The exhalation resistance of P2 masks is lower than the N95 masks.  [4]

Australia requires manufacturers to test their masks for “CO2 clearance,” which prevents CO2 from building up inside the mask. In contrast, N95 masks don’t have this requirement.

Although CO2 can build up can be a scary issue for the public, studies have found no reason to worry about blood oxygen levels.  One study has indicated that even during moderate exercise, women wearing N95 masks had no change in blood oxygen levels. Even pregnant women asked to exercise while wearing N95 masks had no reduction in blood oxygen. [5]

 

N95 and P2 masks are nearly identical on filtration–the factor most people care about. However, there are small differences in other factors, such as breathing resistance and requirements for fit-testing.

 

Japan: DS2 masks and RS2 masks

There are two types of masks in Japanese standard that works similar to the N95 mask:

  • DS2: disposable masks 
  • RS2:reusable masks

The filtration standards are the same as N95 masks [6]

 

Mainland China: KN95 mask

Both masks, KN95 & N95  are made from several synthetic material layers and are intended to be worn over the mouth and nose.  Both filter out 95 percent of aerosol particles that could potentially be carrying the novel coronavirus.  Authentic KN95 respirators can provide equivalent protection to an N95 mask. 

So, what is the difference between an N95 and a KN95 mask?

N95 is the only standard that has been approved by the National Institute for Occupational Safety and Health (NIOSH), the U.S. organization responsible for regulating face masks and respirators.

In September 2020, ECRI had conducted a review test for KN95 masks, and ECRI had discovered that nearly 70 percent of those produced in China did not meet the NIOSH filtering requirements.  [7]

 

 

South Korea: KF94 mask

The “KF” stands for “Korean Filter,” and “The ’94’ represents the filtration efficiency, which means how good the mask is at filtering out particles.

  • KF94: Korean standard, which means that the filtration rate of masks for particles with an average diameter of 0.4μm is greater than 94%.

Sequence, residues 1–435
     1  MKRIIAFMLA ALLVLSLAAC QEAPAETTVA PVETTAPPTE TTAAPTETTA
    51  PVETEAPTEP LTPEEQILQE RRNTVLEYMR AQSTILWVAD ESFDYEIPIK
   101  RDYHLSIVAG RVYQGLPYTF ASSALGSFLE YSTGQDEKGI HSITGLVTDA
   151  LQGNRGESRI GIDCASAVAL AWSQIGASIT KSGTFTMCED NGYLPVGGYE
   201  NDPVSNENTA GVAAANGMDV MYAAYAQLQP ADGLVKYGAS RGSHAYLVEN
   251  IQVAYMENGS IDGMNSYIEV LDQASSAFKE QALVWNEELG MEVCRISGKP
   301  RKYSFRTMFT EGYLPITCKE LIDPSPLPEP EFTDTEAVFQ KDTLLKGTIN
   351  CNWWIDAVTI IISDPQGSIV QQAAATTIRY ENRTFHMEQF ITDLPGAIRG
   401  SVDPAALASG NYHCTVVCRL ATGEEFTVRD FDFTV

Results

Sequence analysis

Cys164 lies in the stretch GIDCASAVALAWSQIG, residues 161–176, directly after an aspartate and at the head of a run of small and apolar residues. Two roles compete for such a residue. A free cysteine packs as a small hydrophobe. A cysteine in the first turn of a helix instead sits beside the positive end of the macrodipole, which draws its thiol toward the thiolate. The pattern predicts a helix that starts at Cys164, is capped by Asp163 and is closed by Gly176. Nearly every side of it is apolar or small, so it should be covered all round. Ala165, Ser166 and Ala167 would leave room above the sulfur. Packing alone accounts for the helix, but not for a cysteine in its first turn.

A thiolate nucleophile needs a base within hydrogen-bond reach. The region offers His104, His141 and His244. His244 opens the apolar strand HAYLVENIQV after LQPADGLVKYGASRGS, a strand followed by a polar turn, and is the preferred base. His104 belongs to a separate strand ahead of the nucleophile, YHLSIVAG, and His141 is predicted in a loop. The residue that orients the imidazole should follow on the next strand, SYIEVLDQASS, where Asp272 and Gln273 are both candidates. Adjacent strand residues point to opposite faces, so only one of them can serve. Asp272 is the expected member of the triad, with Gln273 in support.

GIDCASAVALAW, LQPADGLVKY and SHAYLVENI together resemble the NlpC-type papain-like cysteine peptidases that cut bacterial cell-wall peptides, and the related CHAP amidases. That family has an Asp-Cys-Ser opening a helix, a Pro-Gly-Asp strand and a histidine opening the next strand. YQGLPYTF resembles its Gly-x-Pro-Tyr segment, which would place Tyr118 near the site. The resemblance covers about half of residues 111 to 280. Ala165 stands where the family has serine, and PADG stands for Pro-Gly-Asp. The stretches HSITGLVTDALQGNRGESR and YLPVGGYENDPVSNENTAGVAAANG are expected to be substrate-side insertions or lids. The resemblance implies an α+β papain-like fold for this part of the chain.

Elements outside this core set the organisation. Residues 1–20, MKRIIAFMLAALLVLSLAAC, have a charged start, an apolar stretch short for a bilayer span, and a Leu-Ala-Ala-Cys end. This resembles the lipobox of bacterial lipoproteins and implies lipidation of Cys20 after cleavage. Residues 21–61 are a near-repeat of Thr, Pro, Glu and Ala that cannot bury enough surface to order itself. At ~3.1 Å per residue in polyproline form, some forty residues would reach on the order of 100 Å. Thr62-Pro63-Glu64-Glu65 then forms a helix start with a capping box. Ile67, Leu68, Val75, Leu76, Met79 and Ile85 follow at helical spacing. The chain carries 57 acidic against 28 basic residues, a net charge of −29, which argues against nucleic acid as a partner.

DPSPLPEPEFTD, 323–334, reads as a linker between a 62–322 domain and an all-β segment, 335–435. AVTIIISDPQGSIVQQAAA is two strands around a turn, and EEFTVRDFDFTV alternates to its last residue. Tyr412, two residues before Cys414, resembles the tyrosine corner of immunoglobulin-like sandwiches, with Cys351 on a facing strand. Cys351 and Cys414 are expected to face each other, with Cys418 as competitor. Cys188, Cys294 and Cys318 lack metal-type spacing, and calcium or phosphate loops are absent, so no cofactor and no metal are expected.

• N95: American standard, which means that the mask can filter more than 95% of non-oily particles with a diameter of 0.3μm.

The two standards are different. The US data comes from the National Institute of Occupational Safety and Health (NIOSH), and the Korean data refers to its Food and Drug Administration (MFDS).

 

In Conclusion

Other than the quality filtering properties of the mask itself, it is important to note that all masks are not effective unless it’s worn properly.   It is critical for healthcare workers and others who may have contact with confirmed COVID-19 patients or those who are at risk.

 

References

  1. M. (2020, March 30). Comparison of FFP2, KN95, and N95 and Other Filtering Facepiece Respirator Classes by 3M. Work Safegear Pty Ltd. https://worksafegear.com.au/blog/comparison-of-ffp2-kn95-and-n95-and-other-filtering-facepiece-respirator-classes-by-3m
  2. What face mask for what use in the context of the COVID-19 pandemic? The French guidelines. (2020, July 1). PubMed Central (PMC). https://www.ncbi.nlm.nih.gov/pmc/articles/PMC7194956/
  3. Clogging Test Dolomite Dust Is 9473:2002. (n.d.). Indiamart.Com. https://www.indiamart.com/proddetail/clogging-test-dolomite-dust-is-9473-2002-22551381162.html
  4. PRESSURE DROP OF FILTERING FACEPIECE RESPIRATORS: HOW LOW SHOULD WE GO? (n.d.). PubMed Central (PMC). https://www.ncbi.nlm.nih.gov/pmc/articles/PMC4499853/
  5. Respiratory consequences of N95-type Mask usage in pregnant healthcare workers—a controlled clinical study. (2015). PubMed Central (PMC). https://www.ncbi.nlm.nih.gov/pmc/articles/PMC4647822/
  6. JICOSH Home | Standard for Dust Mask. (n.d.). JICOSH. https://www.jniosh.johas.go.jp/icpro/jicosh-old/english/law/DustMask/index.html
  7. Healthline: The request could not be satisfied. (2021, February 3). Healthline. https://www.healthline.com/health-news/which-facial-covering-is-better-experts-talk-kn95-cloth-and-surgical-masks#N95-vs.-KN95
  8. Up to 70% of Chinese KN95 Masks Tested by ECRI Don’t Meet Minimum Standards. (2020, September 22). ECRI. https://www.ecri.org/press/up-to-70-of-chinese-kn95-masks-tested-by-ecri-dont-meet-minimum-standards
Scroll to Top